The Lawyer Asia Pacific 150 is the only research report to provide a ranking of the top 100 independent local firms and top 50 global firms in the region. The report offers critical review of some of the fastest growing firms and their strategies, a country-by-country guide to leading legal advisers and legal services market trends, plus exclusive insight into the current business development opportunities in the Asia Pacific. Read more
This year, The Lawyer’s annual ranking of the largest UK law firms by turnover is available as an interactive, digital benchmarking tool. For the first time this will allow you to manipulate each data set against the metrics of your choice.
Legal Services Board to get tough on social mobility in profession
Lawyers will be asked to reveal whether their parents attended university under far-reaching proposals by the Legal Services Board (LSB) to monitor social mobility across the profession. The plans are part of a concerted effort by the LSB to monitor social mobility ahead of the April Equality Act implementation.
The LSB consultation document, ’Increasing Diversity and Social Mobility in the Legal Workforce: Transparency and Evidence’, will form the basis for the largest survey of the profession’s diversity credentials.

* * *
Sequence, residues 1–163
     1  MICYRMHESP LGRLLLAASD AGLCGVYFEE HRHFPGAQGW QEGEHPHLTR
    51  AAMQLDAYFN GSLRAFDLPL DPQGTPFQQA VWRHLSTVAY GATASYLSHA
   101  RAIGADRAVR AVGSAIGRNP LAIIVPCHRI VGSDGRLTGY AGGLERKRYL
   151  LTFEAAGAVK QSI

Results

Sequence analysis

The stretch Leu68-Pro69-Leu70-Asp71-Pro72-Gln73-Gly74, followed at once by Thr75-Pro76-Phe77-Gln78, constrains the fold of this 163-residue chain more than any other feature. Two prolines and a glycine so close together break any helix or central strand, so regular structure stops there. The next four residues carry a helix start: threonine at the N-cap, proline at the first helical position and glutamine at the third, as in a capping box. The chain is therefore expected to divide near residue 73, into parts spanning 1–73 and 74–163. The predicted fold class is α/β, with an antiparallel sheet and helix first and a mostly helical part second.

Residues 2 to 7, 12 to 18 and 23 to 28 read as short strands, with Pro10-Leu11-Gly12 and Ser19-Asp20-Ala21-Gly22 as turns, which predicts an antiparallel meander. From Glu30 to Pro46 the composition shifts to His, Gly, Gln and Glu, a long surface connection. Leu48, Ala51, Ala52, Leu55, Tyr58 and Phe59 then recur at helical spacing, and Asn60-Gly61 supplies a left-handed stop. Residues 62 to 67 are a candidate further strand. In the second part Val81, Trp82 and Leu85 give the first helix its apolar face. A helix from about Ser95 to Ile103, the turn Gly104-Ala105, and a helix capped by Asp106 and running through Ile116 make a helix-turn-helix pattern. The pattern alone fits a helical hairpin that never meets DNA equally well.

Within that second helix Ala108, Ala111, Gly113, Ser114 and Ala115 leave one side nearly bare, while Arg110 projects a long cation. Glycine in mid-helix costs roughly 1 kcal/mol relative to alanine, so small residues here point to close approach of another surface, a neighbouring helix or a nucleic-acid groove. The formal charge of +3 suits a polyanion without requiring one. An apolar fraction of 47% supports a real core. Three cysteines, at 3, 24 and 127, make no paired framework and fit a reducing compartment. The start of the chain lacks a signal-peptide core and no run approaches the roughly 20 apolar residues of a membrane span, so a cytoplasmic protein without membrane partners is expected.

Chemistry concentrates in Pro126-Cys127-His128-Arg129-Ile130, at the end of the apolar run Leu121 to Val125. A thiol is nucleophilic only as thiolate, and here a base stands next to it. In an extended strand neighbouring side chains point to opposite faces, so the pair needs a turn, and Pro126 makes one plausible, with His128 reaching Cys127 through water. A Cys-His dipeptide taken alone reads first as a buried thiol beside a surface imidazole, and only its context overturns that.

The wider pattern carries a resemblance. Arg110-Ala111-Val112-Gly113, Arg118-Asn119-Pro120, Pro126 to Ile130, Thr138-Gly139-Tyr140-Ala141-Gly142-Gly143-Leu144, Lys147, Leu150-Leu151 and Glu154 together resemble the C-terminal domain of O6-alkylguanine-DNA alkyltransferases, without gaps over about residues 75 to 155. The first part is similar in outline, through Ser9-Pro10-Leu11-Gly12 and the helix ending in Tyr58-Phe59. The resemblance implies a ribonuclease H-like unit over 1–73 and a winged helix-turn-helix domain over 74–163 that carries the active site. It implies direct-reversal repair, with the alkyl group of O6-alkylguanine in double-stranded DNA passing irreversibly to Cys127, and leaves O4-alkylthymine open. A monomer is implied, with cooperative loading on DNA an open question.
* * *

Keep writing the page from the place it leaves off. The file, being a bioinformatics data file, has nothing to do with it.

It states: “We consider that transparency and greater clarity about the existing make-up of the profession will encourage more firms and chambers to take action to deliver diversity.” Lawyers will be quizzed on a range of topics, including socio-economic background, religion, disability and caring responsibilities.
While the LSB conceded that there is no “silver bullet” solution to encouraging greater diversity in the law, lawyers welcomed the move.
Baker & McKenzie partner Tom Cassels said: “It’s absolutely necessary. The first stage of dealing with these issues is to understand the current position. It’s not about social engineering. “You need to ask the questions to make sure you don’t inadvertently block access to the profession.”
“It can only help what we’ve been doing as a profession,” stated Weightmans partner Elaine Chapman. “We’ve moved on so much in the past five years. It’s a really good thing and can only help enhance the skill sets of legal organisations.”
The regulator is also consulting on how best to monitor social diversity in alternative business structures (ABSs) following the implementation of the Legal Services Act in October.
“Our expectation is that licensing authorities will impose requirements for transparency about diversity data from day one,” the LSB stated. “The requirement will need to extend to the part of the relevant organisation that’s licensed as an ABS. This is particularly important, because success in removing barriers to progression cannot necessarily be measured only by looking at whether the diversity make-up of traditional firms or chambers changes to reflect the wider population.”
The LSB has commissioned a team of academics to produce a qualitative survey of the sector and its approach to encouraging greater diversity.